Why I went to Italy & why I still go back (thank you Sir Roy)

roy strong italy

Above: Sir Roy Strong was the person who suggested I go to Italy and study Italian (image via the London Evening Standard).

Samantha’s heart-wrenching post this morning, “In the name of the father,” got me thinking of my own fatherless teenage years and a man who played a very important — however brief — role in my life, Sir Roy Strong.

People often ask me why I’ve devoted my life to the study of Italian language, history, and culture (before enogastronomy, I spent nearly more than ten years studying Italian prosody, narrative, and cinema, and lived and worked in Italy for most of that time).

The answer is Sir Roy.

In 1984, when I was a junior in high school, Sir Roy came to San Diego (where I grew up) to give a lecture at U.C.S.D., where my mother was an arts and humanities programmer for U.C.S.D. Extension, the school’s continuing education program. She had organized Sir Roy’s talk and when she asked him if he’d like to do any sight-seeing while in Southern California, he expressed an interest in driving across the border for lunch and shopping in Baja California, Mexico.

By the time I could drive, I spoke Spanish fluently. La Jolla High School, my alma mater, had a big Spanish-speaking student body and I had learned Spanish thanks to my friendships with a lot of my Mexican schoolmates. And along the way, I also learned where to go to eat well in Mexico.

And so my mom enlisted me to drive her and Sir Roy to Tijuana for lunch and an afternoon of shopping.

After lunch that day, when my mother got up from the table to use the restroom, Sir Roy told me that he was impressed by my language abilities and my passion for Mexican culture.

“You should go to Italy,” he said, “and study Italian.”

You can imagine the impression that it made on me: I’d never met anyone like Sir Roy before. A knight! At the time, he was the director of the Victoria and Albert Museum.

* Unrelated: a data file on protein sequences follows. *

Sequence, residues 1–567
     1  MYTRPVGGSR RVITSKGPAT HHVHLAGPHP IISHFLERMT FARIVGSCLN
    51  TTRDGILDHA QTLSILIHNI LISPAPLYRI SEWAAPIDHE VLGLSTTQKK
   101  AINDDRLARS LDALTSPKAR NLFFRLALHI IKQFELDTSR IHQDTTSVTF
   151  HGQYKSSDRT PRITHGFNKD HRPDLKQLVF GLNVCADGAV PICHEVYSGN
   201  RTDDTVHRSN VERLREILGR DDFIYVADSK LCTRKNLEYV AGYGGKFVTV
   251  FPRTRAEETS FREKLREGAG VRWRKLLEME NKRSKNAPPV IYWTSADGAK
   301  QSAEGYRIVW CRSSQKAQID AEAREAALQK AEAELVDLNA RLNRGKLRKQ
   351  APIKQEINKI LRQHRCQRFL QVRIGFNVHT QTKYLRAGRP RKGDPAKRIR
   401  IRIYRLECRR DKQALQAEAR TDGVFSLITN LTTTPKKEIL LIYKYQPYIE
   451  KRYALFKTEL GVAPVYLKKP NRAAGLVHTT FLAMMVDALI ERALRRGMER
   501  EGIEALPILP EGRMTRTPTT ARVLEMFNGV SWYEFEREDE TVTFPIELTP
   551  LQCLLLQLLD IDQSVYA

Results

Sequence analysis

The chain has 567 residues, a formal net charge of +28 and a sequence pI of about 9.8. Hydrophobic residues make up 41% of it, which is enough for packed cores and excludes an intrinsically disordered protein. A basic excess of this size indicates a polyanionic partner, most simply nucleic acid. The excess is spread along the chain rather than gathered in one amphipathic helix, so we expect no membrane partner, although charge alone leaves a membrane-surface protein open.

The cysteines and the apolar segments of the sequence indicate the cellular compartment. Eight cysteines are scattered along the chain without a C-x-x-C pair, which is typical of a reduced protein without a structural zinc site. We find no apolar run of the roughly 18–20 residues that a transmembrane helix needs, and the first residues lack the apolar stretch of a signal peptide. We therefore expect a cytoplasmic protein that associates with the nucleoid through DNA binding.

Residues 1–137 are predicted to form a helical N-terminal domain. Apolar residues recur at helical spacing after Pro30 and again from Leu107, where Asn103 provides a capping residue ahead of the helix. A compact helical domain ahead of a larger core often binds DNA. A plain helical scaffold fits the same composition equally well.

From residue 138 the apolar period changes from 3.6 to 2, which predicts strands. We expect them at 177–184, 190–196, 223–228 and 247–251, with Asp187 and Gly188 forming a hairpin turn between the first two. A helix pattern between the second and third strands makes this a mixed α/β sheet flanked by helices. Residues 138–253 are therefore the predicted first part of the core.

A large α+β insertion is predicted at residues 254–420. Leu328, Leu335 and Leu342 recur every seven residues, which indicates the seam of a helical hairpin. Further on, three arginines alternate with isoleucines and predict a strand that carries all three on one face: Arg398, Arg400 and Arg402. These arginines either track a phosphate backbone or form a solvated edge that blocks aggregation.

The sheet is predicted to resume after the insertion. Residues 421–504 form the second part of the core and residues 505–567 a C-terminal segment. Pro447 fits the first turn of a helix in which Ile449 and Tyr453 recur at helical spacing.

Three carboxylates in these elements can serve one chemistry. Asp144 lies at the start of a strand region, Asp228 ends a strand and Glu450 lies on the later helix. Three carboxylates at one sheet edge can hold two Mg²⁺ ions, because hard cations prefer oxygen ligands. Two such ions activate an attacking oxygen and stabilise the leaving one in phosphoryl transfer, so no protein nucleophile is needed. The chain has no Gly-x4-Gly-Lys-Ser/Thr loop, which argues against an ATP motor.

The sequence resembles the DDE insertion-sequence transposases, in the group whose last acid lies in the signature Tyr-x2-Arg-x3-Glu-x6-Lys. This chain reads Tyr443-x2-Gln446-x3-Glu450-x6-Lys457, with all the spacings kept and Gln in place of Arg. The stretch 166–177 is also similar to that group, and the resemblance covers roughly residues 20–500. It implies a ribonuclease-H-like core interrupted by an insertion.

But there was another force at play.

My father, in part because of the pariah he had become in our community and in part because of his unbridled narcissism, didn’t play much of a role in my life. Throughout my teenage years, I looked to other men for inspiration in what I would do in life to adolesce. (I’ve written the story of those years here and here.)

Sir Roy’s words were just what I need to set me down the path. It gave me a goal, a purpose, and a reason to leave the gilded, bigoted community where I grew up and so ardently wanted to flee.

And when I got to Italy and made my first friends there, I learned that Italians didn’t share Americans’ puritanical view of my father’s transgressions.

For the first time in my life (I was nineteen when I went to Italy for my first year of university there), I felt that the burden of the “sins of the father” had been lifted from my shoulders.

Thank you, Sir Roy. I’ll never forget you.

Sir Roy’s written a newly published memoir about his life during the swinging sixties. Maybe that will be my father’s day gift this year? ;)

In other news…

PLEASE read Eric the Red’s superb article on the nouvelle vague of California wine in today’s New York Times. I’ll never forget this day! A shot heard around the world! Bravo bravissimo, Eric! Thank you for this wonderful article!

7 thoughts on “Why I went to Italy & why I still go back (thank you Sir Roy)

  1. Why thanks for the mention kid and thanks for sharing your Sir Roy with us. With father’s day approaching I think it is so important to tell those men in our lives how much they mean, how much they helped shape who we are now…given the title father or not. Loved this Jeremy and my best to you and your lovely ladies.

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